On security and intelligence issues, both major parties have always spoken virtually as one… so no surprise then, to hear that Labour has few problems with the government’s proposed extension of the powers of the intelligence agencies, which will legitimise the spying upon New Zealanders. Given the absence of any credible, immediate external threat, this extension of powers has had to be promoted in terms of ‘clarifying’ the existing situation, which only the spy agencies seemed unable to read and obey. The draft Bill sets out a new system of warrants, data sharing and oversight.
Given that the checks and balances in the proposed system are almost all ‘in house’ with sign-off being envisaged by the Attorney-General and the Commissioner of Security Warrants and with – in cases of accessing the data held by other government agencies – the complicity of the CEOs concerned. Beyond this rather cosy circle, the main (only) independent oversight role on compliance is the Inspector-General of Intelligence and Security, who has only belatedly been given a deputy and a few investigative staff. The gaping hole in the checks and balances in this system is the lack of any adequate parliamentary oversight – an option skated over by the recent Cullen/Reddy review, and absent from the draft Bill.
‘Trust us, we know what we’re doing’ would be a more credible message if those running this system had a track record to justify the public’s faith in them. The ‘jihadi brides’ fiasco was one recent example of scaremongering by the SIS, and the government.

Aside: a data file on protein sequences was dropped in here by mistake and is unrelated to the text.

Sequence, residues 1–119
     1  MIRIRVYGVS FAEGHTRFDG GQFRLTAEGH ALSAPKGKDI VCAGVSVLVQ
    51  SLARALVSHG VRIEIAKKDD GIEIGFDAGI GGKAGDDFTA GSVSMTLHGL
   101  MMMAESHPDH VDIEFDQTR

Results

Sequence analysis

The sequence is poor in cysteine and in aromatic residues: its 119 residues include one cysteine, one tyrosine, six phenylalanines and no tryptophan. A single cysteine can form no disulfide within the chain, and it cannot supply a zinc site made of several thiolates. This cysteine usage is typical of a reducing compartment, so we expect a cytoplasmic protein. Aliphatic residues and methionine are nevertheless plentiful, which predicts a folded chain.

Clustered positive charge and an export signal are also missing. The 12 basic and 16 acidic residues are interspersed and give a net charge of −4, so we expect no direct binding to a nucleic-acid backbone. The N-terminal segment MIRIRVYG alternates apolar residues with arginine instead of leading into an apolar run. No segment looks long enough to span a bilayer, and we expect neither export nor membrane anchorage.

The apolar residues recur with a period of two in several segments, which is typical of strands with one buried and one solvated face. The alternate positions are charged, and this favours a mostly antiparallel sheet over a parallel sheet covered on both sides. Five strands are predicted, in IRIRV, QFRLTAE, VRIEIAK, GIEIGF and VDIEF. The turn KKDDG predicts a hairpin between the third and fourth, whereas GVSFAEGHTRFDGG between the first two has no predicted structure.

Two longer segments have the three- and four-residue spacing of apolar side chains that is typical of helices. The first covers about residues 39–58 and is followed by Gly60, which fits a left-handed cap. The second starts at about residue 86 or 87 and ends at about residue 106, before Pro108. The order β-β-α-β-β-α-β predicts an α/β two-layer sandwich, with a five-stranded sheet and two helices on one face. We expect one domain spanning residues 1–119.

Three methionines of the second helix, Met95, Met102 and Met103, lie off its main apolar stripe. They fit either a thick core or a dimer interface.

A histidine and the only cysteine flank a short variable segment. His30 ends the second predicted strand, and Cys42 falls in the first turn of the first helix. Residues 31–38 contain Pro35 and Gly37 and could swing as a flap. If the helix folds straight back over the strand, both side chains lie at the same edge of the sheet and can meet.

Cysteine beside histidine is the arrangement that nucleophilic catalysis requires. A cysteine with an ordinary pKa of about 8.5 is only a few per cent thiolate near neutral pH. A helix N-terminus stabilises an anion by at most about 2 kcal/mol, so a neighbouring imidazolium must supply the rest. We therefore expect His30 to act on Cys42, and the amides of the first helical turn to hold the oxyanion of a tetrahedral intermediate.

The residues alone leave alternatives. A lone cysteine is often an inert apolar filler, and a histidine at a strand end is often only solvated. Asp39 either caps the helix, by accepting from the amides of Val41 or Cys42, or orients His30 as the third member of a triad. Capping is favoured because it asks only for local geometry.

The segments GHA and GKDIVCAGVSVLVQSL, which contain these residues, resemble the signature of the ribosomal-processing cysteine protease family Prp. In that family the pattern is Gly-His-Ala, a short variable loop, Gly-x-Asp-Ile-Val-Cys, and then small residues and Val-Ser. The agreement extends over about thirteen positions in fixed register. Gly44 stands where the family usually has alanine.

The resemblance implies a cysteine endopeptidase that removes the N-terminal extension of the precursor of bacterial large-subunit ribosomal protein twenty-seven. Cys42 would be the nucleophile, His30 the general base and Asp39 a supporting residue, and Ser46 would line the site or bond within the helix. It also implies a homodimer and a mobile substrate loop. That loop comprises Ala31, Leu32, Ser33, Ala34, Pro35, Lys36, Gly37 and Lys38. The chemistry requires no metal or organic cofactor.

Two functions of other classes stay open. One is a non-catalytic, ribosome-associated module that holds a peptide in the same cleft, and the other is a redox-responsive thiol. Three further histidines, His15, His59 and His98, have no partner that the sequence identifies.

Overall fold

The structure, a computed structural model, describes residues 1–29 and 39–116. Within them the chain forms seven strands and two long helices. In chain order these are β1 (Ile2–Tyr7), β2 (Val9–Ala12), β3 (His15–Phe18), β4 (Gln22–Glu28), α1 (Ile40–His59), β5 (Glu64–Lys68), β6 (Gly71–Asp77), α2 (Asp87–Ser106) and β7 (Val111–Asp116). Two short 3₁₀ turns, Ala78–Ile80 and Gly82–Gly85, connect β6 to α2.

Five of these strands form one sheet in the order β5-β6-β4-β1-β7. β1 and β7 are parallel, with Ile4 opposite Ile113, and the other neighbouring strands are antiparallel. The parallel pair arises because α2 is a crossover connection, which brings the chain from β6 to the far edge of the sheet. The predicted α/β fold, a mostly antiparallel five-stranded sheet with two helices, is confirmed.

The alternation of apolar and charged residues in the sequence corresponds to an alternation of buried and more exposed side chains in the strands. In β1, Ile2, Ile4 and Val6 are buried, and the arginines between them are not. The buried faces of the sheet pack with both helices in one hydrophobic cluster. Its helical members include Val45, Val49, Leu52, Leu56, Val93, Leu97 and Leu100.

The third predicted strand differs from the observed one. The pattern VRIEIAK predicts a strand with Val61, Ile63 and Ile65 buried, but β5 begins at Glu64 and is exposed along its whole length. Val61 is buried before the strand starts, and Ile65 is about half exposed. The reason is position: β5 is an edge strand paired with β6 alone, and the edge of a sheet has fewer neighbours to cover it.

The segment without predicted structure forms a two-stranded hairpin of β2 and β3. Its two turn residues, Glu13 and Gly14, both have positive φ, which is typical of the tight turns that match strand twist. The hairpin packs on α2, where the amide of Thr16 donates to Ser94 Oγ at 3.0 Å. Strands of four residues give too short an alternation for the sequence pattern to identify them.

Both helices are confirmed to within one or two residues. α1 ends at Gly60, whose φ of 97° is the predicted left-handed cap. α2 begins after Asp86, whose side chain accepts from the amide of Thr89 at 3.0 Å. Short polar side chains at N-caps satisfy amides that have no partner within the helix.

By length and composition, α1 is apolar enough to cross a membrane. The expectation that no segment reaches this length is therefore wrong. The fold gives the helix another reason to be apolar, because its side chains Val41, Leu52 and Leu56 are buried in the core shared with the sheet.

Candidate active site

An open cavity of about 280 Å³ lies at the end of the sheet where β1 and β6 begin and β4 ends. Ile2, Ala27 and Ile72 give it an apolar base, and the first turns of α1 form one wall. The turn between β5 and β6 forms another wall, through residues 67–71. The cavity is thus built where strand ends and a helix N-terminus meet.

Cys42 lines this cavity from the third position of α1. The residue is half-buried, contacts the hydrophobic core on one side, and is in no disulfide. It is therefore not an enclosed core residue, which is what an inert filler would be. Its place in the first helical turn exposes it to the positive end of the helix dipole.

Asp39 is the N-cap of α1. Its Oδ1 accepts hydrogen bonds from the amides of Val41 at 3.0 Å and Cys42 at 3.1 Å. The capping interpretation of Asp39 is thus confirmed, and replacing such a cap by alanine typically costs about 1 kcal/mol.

In the past week however, we’ve been given ample added reason for suspicion. During the run-up to the 2013 election Edward Snowden alleged that New Zealand had asked the US National Security Agency to use its PRISM technology to spy on New Zealanders on the government’s behalf. Prime Minister (and then GCSB Minister) John Key had strongly denied doing so:
[Key] replied, “Well we do exchange – and it’s well known – information with our partners – so that’s the first thing, we do do that. How they gather that information and whether they use techniques and systems like PRISM I can’t comment on that…..The Prime Minister continued: “I can’t tell you how the United States gathers all of their information and what techniques they use. I simply don’t know that.” He added, “If the question is, ‘Do we use the United States or one of our other partners to circumvent New Zealand law?’ then the answer is categorically no we don’t.”
Except that….in a joint investigation, The Intercept website and Television New Zealand have just revealed that New Zealand did indeed avail itself of NSA – supplied, PRISM obtained surveillance data harvested from the online communications of New Zealand opponents of the Fiji regime of Frank Bainamarama.
More than 190 pages of top-secret NSA logs of intercepted communications dated between May and August 2012 show that the agency used the controversial internet surveillance system PRISM to eavesdrop on [New Zealander Tony] Fullman and other Fiji pro-democracy advocates’ Gmail and Facebook messages. Fullman is the first person in the world to be publicly identified as a confirmed PRISM target.
At the time of the spying, New Zealand’s surveillance agency was not permitted to monitor New Zealand citizens. Despite this, it worked with the NSA to eavesdrop on Fullman’s communications, which suggests he is one of 88 unnamed New Zealanders who were spied on between 2003 and 2012 in operations that may have been illegal, as revealed in an explosive 2013 New Zealand government report……The classification markings on the files — “REL TO USA/NZ” — make clear that the intercepted communications were to be released to New Zealand spies. In one of the files showing Fullman’s intercepted emails and Facebook chats, the NSA explicitly noted that the intercepted material had been forwarded to its New Zealand intelligence counterpart, the GCSB.